Calling all Finbarrs: Church appeals to those sharing name of Cork’s patron saint on 1,400th anniversary

A special programme of events has been organised in Cork to mark St Fin Barre’s Day this year

Calling all Finbarrs and variants thereof: That is the clarion call going out this week from the Church of Ireland’s Dean of Cork, Rev Nigel Dunne, as St Fin Barre’s Cathedral prepares to mark 1,400 years since the death of Cork’s patron saint.

Rev Dunne explained that St Fin Barre’s Day is September 25th and this weekend there will be a programme of events at the cathedral to mark the anniversary of the saint’s death, who is known to have founded a monastery on the banks of the river Lee in 606.

“On Saturday, September 23rd, there is an open invitation to the people of Cork to make a visit to the cathedral, between the hours of 11am and 4pm, just to drop in, or on a mini-pilgrimage to mark this 1,400th anniversary, to say a prayer or light a candle, or, outside, to walk the cathedral labyrinth.”

Rev Dunne said that to coincide with the celebration, anyone named after Cork’s patron saint – in whatever spelling or form – would be most welcome at the William Burges designed cathedral where they will be presented with a small commemorative gift in honour of the occasion.


“So, if you are a Finbarr, Finbar, Finnbar, Finn Barre, Finbarre, Barry, Barrie, Baz or Fionbarra, etc we would love you to visit on this special occasion. If you can show us that you do carry his name, we have that small commemorative gift for you and look forward to welcoming you,” Rev Dunne said.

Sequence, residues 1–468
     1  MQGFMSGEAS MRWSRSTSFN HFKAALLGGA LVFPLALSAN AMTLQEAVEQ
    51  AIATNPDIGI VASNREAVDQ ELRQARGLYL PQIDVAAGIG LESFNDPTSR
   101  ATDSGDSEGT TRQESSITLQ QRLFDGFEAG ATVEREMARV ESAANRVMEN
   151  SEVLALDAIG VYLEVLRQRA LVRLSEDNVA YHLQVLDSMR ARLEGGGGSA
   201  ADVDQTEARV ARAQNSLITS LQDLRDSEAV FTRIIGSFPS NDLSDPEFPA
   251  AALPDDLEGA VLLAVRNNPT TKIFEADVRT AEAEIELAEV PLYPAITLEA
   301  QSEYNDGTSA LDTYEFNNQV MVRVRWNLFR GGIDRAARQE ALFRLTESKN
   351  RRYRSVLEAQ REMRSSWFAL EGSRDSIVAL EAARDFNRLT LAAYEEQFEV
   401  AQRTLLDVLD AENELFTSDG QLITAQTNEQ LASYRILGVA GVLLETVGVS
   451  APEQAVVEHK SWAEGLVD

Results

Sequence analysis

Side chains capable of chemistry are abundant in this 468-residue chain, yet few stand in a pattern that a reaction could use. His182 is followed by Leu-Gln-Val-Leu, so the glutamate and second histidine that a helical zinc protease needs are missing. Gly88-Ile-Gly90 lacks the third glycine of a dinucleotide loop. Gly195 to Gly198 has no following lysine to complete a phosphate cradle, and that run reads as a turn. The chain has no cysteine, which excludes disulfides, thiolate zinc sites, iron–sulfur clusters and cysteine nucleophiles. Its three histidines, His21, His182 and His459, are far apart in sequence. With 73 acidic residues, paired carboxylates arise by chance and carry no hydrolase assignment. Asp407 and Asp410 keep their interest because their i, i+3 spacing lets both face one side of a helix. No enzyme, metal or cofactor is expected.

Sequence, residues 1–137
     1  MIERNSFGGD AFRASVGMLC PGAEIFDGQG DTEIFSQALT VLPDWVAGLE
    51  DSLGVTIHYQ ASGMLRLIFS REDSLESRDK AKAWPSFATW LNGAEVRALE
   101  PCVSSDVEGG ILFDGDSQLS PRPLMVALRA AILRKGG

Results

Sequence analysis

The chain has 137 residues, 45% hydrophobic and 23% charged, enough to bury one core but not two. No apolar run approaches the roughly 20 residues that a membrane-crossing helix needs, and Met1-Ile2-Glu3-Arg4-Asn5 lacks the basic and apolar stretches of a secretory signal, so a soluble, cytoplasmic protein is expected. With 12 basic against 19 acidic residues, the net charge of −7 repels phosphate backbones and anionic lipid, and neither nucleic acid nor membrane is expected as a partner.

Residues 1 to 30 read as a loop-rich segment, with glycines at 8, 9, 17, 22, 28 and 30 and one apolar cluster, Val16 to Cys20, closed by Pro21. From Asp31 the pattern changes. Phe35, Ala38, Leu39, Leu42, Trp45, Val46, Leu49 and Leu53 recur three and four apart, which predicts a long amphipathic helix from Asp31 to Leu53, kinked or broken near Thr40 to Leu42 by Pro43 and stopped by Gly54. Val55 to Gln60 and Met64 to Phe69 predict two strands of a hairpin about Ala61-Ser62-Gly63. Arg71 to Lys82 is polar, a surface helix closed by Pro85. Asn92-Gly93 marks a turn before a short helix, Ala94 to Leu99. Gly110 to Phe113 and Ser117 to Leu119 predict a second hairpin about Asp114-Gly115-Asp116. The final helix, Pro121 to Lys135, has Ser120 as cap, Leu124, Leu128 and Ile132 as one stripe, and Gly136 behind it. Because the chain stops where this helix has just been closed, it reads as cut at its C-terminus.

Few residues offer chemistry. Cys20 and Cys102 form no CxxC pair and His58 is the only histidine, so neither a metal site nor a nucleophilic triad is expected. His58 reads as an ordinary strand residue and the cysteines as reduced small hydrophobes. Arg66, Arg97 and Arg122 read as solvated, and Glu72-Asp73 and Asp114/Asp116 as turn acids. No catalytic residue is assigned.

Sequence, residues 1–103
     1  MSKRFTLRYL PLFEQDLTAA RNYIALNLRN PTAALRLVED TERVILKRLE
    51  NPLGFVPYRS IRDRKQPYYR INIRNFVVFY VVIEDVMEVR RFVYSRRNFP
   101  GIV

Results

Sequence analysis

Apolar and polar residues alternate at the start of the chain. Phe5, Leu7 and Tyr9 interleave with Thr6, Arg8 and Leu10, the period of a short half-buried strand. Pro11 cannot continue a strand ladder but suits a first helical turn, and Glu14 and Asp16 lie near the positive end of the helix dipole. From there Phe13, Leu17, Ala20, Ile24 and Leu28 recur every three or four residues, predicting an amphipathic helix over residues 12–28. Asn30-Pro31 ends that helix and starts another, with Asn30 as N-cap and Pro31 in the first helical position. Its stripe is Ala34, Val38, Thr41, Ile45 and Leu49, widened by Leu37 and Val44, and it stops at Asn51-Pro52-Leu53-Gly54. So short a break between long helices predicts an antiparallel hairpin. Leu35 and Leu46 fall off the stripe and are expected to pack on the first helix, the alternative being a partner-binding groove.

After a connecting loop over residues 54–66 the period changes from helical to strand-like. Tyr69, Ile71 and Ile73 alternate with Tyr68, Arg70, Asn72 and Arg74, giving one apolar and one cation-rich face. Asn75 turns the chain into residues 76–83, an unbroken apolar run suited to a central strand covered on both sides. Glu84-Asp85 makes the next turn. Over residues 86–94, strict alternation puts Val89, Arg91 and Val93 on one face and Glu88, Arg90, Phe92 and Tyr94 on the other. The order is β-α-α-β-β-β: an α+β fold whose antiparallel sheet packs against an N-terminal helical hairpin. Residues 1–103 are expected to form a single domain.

“To share the name of Cork’s patron saint is, to my mind, something special. It makes the person part of a 1,400-year-old tradition which lies at the heart of our city’s foundation.

“We look forward to welcoming many Finbarrs to the cathedral to be part of our commemorative festival weekend.”

Bishop of Cork, Cloyne and Ross, Dr Paul Colton, explained that the idea for a programme of events to mark the 1,400th anniversary of St Fin Barre’s death came to him late last year while reading up on the saint who first built a small church in Gougane Barra before setting up a monastery in Cork.

“I was reading some historical material late last year and noticed the date and did the sums,” he recalled.

Bishop Colton explained that he and Rev Dunne began working on a modest programme of events last St Patrick’s Day and among their ideas was to commission a sacred icon of St Fin Barre to mark the anniversary.

“What we are really celebrating, of course, is the contemporary life of faith in this part of the world to which St Fin Barre brought the good news of Jesus Christ,” said Bishop Colton who, at a diocesan service on Sunday, will consecrate the new icon created by international iconographer, Aidan Hart.

For the full programme of commemorative events at St Fin Barre’s this weekend, see

Barry Roche

Barry Roche

Barry Roche is Southern Correspondent of The Irish Times